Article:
Astronomers may have spotted the first signs of a moon orbiting a planet outside of our solar system. If observations of this “exomoon” are confirmed, it would be the first time a moon has ever been seen circling an exoplanet.
However, it’s just as likely that what they spotted is a planet orbiting a small star. And the thing is, it’s impossible to confirm. "We won't have a chance to observe the exomoon candidate again," lead author David Bennett of the University of Notre Dame says in a news release. "But we can expect more unexpected finds like this."
In any case, the possible exomoon was discovered by researchers with the joint Japan-New Zealand-American Microlensing Observations in Astrophysics (MOA) and the Probing Lensing Anomalies NETwork (PLANET) programs using ground-based telescopes in New Zealand and Tasmania.
They used a technique called gravitational microlensing, which takes advantage of chance alignments between stars -- known as brightening events. When a star passes between us and a more distant star, the closer one acts like a magnifying glass that focuses and brightens the light of the more distant star in the background. And if the foreground star -- also referred to as the lens or passing object -- has a planet orbiting it, the planet becomes a second lens to dim or brighten the light more.
These sorts of measurements help researchers figure out the mass of foreground objects relative to the smaller body orbiting it. Now, if the closer object is a planet, and not a star, researchers can measure the mass of the planet relative to its orbiting object, which would be a moon.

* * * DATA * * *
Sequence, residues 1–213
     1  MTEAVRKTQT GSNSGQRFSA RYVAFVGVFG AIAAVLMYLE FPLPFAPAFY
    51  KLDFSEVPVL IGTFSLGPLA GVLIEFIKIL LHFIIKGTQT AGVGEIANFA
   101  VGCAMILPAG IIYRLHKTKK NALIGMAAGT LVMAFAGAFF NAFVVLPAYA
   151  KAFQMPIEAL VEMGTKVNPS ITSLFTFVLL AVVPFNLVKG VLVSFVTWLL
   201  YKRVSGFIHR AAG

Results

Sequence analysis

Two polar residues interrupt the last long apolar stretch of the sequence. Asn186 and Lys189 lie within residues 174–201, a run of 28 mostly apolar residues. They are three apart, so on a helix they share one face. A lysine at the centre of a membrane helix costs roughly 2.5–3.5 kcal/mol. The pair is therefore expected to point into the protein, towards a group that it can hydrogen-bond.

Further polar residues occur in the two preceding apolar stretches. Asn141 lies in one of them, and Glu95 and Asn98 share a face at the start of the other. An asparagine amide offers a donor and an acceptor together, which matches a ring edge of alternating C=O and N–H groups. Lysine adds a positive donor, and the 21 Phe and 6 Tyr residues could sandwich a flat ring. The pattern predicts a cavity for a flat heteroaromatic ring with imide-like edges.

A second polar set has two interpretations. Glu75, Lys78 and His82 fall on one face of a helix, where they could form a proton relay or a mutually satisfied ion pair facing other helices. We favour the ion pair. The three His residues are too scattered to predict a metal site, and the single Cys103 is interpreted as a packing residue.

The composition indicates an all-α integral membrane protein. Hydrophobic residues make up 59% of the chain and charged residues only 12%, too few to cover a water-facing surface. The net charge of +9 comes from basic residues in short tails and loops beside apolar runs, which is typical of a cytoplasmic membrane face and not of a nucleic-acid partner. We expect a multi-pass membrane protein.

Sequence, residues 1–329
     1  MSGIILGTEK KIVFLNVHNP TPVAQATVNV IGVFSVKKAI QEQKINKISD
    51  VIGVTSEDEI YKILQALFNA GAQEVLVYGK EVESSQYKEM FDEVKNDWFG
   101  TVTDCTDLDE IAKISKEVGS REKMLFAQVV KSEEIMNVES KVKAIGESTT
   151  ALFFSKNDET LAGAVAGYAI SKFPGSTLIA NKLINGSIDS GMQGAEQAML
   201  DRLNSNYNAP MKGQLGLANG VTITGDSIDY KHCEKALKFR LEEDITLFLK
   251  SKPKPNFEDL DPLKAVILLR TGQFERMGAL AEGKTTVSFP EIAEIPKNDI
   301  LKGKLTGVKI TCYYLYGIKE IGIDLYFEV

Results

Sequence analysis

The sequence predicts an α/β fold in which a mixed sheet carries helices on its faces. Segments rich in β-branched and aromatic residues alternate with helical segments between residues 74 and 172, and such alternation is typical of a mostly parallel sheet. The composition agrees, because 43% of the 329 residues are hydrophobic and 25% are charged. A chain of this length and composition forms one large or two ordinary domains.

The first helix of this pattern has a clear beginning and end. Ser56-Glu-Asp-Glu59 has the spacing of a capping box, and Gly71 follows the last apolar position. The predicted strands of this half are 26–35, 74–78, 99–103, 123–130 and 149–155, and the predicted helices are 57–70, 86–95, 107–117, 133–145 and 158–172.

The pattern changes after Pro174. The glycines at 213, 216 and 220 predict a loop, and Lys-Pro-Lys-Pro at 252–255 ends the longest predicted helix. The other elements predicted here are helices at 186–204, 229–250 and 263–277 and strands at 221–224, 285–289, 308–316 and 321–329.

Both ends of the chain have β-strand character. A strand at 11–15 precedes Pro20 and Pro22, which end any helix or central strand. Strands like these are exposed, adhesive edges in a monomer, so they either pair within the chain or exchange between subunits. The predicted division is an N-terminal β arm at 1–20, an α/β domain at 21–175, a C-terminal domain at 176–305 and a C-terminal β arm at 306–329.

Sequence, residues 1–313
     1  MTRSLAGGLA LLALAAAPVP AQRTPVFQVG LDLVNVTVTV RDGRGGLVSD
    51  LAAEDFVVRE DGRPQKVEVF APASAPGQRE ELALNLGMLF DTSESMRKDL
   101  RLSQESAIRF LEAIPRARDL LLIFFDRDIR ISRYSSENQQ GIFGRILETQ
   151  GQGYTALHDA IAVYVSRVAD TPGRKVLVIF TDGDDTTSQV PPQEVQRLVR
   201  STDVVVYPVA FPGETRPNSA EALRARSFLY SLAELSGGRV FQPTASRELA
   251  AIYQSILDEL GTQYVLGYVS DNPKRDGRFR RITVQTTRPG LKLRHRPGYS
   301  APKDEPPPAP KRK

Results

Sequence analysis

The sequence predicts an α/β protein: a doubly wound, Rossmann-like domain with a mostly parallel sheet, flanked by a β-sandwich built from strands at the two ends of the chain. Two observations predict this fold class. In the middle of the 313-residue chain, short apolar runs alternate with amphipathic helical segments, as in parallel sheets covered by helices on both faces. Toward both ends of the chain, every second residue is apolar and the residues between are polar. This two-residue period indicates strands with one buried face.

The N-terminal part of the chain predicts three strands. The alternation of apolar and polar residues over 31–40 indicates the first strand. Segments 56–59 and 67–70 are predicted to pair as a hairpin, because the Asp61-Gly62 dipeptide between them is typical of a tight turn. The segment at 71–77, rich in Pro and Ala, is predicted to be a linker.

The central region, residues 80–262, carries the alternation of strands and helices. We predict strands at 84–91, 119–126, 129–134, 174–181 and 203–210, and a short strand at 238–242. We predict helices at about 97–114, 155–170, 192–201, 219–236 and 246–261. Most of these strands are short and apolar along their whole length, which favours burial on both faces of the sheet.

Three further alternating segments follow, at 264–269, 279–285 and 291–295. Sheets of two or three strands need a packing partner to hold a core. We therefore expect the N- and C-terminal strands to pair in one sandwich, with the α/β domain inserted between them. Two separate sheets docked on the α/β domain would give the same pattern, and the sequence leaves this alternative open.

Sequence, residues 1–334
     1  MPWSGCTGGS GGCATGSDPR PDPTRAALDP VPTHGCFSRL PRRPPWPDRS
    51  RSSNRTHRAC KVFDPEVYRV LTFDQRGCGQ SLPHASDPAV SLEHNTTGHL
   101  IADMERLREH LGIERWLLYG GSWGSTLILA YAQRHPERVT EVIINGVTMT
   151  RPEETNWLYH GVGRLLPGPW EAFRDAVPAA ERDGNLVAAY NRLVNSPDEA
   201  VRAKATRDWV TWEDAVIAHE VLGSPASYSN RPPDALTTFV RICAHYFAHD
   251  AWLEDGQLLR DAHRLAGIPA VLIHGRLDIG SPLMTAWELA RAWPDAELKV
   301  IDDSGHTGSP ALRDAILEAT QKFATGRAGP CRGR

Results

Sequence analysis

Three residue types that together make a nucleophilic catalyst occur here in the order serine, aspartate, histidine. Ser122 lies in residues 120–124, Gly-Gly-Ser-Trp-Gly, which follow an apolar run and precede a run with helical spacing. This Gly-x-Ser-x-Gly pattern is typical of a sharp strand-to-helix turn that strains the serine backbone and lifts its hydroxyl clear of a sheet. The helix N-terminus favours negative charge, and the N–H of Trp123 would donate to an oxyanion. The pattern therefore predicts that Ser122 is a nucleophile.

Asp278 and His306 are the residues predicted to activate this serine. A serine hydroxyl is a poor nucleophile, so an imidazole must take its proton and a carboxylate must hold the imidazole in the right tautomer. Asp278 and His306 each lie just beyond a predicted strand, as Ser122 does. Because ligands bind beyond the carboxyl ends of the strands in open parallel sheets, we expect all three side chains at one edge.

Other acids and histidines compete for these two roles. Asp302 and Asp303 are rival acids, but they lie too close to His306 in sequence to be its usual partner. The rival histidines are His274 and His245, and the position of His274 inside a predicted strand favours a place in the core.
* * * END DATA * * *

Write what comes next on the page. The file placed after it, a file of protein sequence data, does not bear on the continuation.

And that’s what happened here, except the foreground (lensing) object isn’t clear. The researchers were able to tell that the ratio of the larger body to its smaller companion is 2,000 to 1. Potentially, the pair could be a small star circled by a planet. In that case, the planet is about 18 times the mass of Earth. Or, it could be a planet more massive than Jupiter coupled with its moon, which would weigh less than Earth.
But there’s no way to tell which one is right, since these brightening events last only about a month and are generally encountered by chance. The researchers think that the lensing system here -- which they’ve dubbed MOA-2011-BLG-262 -- is a free-floating planet and its moon. They suspect the planet was ejected from a young planetary system but kept its moon in tow.
For future brightening events, researchers hope to combine microlensing with the parallax-distance technique. That’s when two telescopes far away from each other view the same distant star, and this effect happens where the star seems to “move.” (It’s like looking at your finger with your right eye only and then your left eye only.) That alters how the starlight is magnified.
The findings were published in the Astrophysical Journal.